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April 26, 2017 » Today News »

Student planted a homemade bomb on London underground tube

Student planted a homemade bomb on London underground tube

A computing student with a keen interest in weapons planted a homemade bomb filled with ball-bearings on the London underground, causing a major security alert last October, a jury has heard.
The court heard that Damon Smith had an interest in Islam, guns and gambling, and collected pictures of extremists including the alleged mastermind of the 2015 Paris terror attacks.

After he was arrested, Smith, 20, who has Asperger’s syndrome, said the device was intended to work as a smoke bomb and had been left as a prank for “a bit of fun”. The prosecution said the device, which had partially detonated, had been designed to endanger lives.

Smith, who was 19 at the time of the incident, is on trial at the Old Bailey charged with possession of an explosive substance with intent, contrary to the Explosive Substances Act 1883. Smith, who wore a navy suit and tie in the dock, denies the charge but has admitted the lesser offence of perpetrating a bomb hoax.

The prosecutor Jonathan Rees QC told the court at the opening of the trial on Wednesday that Smith had intended to build a real bomb “which he intended would explode and endanger the lives of those travelling on the tube train or, at the very least, cause serious damage to the train itself.”

He said CCTV footage showed that on 20 October last year Smith left the bag on a Jubilee line train when he got off at London Bridge at 10.49am. “The CCTV shows that there were at least 10 passengers travelling in the train,” Rees said. Smith then headed to Holloway, where he had started a degree in computer forensics at London Metropolitan University a few weeks earlier.

Passengers spotted the backpack shortly before 11am and alerted the driver, Adrian Clarke, who first thought the bag was lost property and took it into the cabin with him. Clarke looked inside again on his way to North Greenwich station and saw wires protruding from the back of a clock, so he raised the alarm.

When the train arrived at North Greenwich station at 10.56am, it and the station were evacuated.

The device was set to go off at about 11.02am. “Had the device worked, it seems it would have gone off while passengers were being ordered off the platform,” Rees said.

Smith was arrested the following day near Holloway station. A bomb scene examiner noted charring on parts of the device, suggesting it had “partially, if not completely, functioned,” the jury heard.

The device, which was housed in a Thermos flask, had a “quantity of ball bearings, which the prosecution allege had been included to act as shrapnel so as to increase the destructive effect of the device”, Rees said.

The ball bearings were stuck together with PVA glue in a lump weighing almost 500g. In interviews after his arrest, Smith said he had included the ball bearings to “convince people that it was a real bomb”, Rees said. “However, the ball bearings were located in the sealed flask and so were not visible to anyone who looked into the rucksack … we suggest that the defendant’s explanation for why the ball bearings were included in the device simply doesn’t add up and make sense.”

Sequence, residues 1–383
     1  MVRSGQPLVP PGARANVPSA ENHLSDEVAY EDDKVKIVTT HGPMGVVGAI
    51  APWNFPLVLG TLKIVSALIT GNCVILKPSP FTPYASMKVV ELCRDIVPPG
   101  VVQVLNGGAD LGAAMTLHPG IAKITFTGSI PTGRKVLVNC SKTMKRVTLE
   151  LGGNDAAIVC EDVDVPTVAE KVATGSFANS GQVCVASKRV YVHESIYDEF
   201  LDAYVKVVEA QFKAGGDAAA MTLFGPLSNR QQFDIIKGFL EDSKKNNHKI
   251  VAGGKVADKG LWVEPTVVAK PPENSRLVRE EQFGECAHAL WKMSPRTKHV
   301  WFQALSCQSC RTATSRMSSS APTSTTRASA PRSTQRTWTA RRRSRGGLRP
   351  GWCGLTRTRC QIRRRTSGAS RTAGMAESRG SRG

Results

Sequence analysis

Smith told officers he hadn’t intended to harm anyone but thought it would be funny to watch “the joke what I did, like making a bit of smoke” on TV. He hadn’t known where he would carry out the prank, he said, beyond “on the tube or something”. He had watched similar pranks on the YouTube channel TrollStation, he said.

The teenager, who was carrying a copy of the Qur’an when he was arrested, and who said he thought Islam was “more true” than Christianity, told officers “he did not hold extremist views and did not agree with extremism, such as the beheadings that were occurring in Syria: they were not Islamic, they were bad … he didn’t want to be a terrorist, what he did was a prank,” Rees said.

After Smith was arrested, the house in Newton Abbot, Devon, where he had lived with his mother before moving to London, was also searched and a suspicious package was found in the attic. This was found to be a device that looked like an IED but was not viable, the court heard.

The prosecution alleges Smith had a keen interest in guns and other weapons. “This particular interest may have been a function of his autism spectrum disorder,” Rees said. Police found a blank-firing self-loading pistol and a BB gun shaped like a revolver in his London home – both of which he legally owned – as well as a Mustang knife and a knuckleduster.

Smith had posted videos of himself online with his replica pistol and knife, and had “liked” other videos of explosives on social media.

He had searched for a copy of the Isis magazine Dabiq and had saved photos of Abdelhamid Abaaoud, the Belgian-born jihadi who is believed to have masterminded the November 2015 Paris attacks, Rees told the jury.

During a search of his home, police found shredded documents that, when reconstructed, were found to be an article from an al-Qaida in the Arabian Peninsula magazine, headlined: “Make a bomb in the kitchen of your Mom”, showing how to create an IED from everyday items.

The article had annotations that the prosecution alleges were in Smith’s handwriting. An iPad Mini he told police he shared with his mother had a note titled “Pressure cooker bomb materials” dated a month before the incident.

Source: The Guardian

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